On Alien Design

The Reasonable Alien: Excerpts from early drafts of my recent SFSignal post.

  • Further thoughts on a possible analytical model for the design of “evolving” sentient aliens.

In broad terms, one would proceed by:

1) Selecting a general earthly animal type or species to use as a basis for the alien species to be evolved, and the geologic age of Earth (epoch) at which that species began the major part of its evolutionary journey.

2) Noting

a) key stable features of planet Earth – its mass and gravitation (also atmosphere
after oxygenation)
b)cataloging, beginning, with the geologic age (epoch) identified in 1) above

i) the Earth’s major changes in general Tectonism/topography and climate
ii)the epoch of each major change
iii)the time intervals between each epoch and the next,
iv)the dominant evolutionary changes observed in the selected Earthly life
form during each interval, in response to those planetary changes.

3) Noting key stable features of the alien world (perhaps a near-Earthlike exoplanet, or another exoplanet more nearly like that proposed for the story,) setting evolutionary epochs for it parallel to those used for Earth.

4) At each epoch, adapting and cataloging for the alien planet its own generalized topographical and climate changes, based on those of Earth and modified based on differences between the alien planet’s key stable features and Earth’s.

5) At each epoch, adapting the Earth species’ dominant evolutionary changes to those of the alien planet, based on the intensities of the topographical and climate changes estimated for the alien planet as compared to Earth’s.

6) At each epoch, applying the alien planet’s adapted evolutionary changes to the animal form selected above as the basis for the alien form.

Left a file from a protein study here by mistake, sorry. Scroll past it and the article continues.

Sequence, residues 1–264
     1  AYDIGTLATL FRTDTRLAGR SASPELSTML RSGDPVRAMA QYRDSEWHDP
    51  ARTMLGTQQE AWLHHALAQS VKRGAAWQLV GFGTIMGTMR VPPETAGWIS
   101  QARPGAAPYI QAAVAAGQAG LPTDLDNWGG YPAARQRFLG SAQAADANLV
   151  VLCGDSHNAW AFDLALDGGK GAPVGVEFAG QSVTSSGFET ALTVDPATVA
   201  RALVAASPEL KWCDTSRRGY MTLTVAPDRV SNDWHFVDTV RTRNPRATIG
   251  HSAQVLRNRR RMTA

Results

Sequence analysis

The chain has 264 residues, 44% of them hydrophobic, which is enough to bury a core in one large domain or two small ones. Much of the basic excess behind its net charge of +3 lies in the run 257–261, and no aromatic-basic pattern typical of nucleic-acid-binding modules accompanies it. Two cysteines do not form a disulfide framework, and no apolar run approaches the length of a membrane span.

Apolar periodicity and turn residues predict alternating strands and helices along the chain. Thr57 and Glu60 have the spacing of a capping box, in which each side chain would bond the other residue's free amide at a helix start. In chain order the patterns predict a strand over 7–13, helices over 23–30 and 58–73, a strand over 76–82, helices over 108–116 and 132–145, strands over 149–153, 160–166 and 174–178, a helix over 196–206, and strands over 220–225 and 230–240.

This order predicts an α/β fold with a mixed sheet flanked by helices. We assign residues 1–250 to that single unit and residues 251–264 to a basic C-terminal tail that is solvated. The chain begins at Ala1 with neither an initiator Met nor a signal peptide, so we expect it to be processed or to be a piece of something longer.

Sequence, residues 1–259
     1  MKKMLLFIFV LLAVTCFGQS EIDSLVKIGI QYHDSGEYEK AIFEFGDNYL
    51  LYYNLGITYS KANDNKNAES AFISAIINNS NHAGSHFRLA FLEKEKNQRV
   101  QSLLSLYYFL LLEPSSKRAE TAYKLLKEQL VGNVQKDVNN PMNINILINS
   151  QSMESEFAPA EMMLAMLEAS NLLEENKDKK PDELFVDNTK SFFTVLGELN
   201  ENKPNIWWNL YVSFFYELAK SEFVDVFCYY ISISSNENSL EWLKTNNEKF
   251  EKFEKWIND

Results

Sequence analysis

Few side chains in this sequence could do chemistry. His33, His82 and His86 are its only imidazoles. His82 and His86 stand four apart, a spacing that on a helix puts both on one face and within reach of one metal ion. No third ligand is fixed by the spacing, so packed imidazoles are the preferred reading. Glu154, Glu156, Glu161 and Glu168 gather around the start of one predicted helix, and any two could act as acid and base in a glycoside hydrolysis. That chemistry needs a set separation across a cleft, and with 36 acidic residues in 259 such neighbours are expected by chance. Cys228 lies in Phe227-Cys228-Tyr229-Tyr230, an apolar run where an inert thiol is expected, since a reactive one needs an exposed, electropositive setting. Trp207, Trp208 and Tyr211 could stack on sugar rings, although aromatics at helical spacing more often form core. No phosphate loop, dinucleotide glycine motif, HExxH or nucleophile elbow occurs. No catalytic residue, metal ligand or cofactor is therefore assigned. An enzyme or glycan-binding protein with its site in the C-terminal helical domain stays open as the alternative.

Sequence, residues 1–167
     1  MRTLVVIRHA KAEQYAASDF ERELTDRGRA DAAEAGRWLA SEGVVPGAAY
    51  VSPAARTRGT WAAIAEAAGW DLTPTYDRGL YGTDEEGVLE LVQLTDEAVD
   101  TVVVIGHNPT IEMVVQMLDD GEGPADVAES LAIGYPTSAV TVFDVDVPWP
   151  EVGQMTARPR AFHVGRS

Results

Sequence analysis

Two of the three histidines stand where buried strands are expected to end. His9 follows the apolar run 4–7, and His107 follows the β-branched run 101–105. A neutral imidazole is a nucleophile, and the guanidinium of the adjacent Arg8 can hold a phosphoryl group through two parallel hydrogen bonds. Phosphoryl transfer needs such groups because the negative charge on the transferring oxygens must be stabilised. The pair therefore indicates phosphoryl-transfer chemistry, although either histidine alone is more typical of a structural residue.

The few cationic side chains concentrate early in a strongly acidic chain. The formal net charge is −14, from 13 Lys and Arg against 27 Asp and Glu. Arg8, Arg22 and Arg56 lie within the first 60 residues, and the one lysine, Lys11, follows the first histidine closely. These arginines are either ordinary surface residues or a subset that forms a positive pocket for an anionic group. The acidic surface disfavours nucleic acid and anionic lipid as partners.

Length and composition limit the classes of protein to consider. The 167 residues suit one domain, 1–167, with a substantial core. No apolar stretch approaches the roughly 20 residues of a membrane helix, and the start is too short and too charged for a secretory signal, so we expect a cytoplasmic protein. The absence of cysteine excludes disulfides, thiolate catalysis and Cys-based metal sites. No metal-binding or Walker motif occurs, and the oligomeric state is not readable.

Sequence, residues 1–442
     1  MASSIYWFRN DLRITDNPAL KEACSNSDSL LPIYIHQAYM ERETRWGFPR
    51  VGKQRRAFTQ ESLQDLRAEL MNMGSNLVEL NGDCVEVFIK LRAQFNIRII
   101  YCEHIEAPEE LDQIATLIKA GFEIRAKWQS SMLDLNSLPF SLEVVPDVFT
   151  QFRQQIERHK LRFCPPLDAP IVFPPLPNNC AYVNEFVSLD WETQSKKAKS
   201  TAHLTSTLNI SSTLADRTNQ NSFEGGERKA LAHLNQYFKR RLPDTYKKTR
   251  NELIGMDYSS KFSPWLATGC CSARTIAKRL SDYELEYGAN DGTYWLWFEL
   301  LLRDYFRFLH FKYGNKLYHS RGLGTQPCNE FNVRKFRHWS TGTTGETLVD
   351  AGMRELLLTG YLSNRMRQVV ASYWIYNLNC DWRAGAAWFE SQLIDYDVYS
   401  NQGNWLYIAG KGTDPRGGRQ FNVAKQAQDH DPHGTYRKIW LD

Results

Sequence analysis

7) Adding such intellectual, psychological, and/or sociological features, as well as dexterity, sensory, and other capabilities, as needed for the proposed alien and not in conflict with major “evolved” characteristics of the alien. Any such conflicts that do arise should be resolved logically according to the alien and planet designs.


  • Further environmental and sociological conditions that could affect the evolution of sentient aliens.

There have been significant discoveries in cosmology, astronomy, and especially planetology, with its fabulous, ever-growing gallery of exoplanets. Biology and the environmental sciences describe key features a planet would need to evolve and sustain lifeforms. Is its gravity strong enough to retain a breathable atmosphere? Is it rich in carbon, hydrogen, oxygen, and nitrogen, the basics of nutrition as we know it, or in other elements supporting life in other forms? Is it near enough to its star that surface ices melt into free-flowing liquids, to dissolve and circulate the nutrients through the ecosystem? Is it cool enough for the creatures to survive?

But no planet is free from challenges. Eccentric orbits and axial tilts may cause wild swings in day/night intervals, or extreme seasonal variations, or no seasons at all. There will be violent storms, earthquakes, volcanoes and, most certainly, sharp-toothed carnivores of land and sea. Should our sentient hibernate? Should it have claws? Should it run? Or swim? Or fly? How fast and how far? Such decisions, along with gravity and atmospheric density, will shape its form and determine the function and strength of its muscle and bone. Is that enticing plant edible, or a ticket to sudden death? The function and keenness of its mind and senses will adapt to help identify the dangers.

Eventually, societies and cultures will also find ways, whether fair or foul, to address the planet’s challenges. The results of those actions will shape the world’s history. Psychology and sociology give important insights into the ways we are shaped by our educational environments, the our history, and our cultures.


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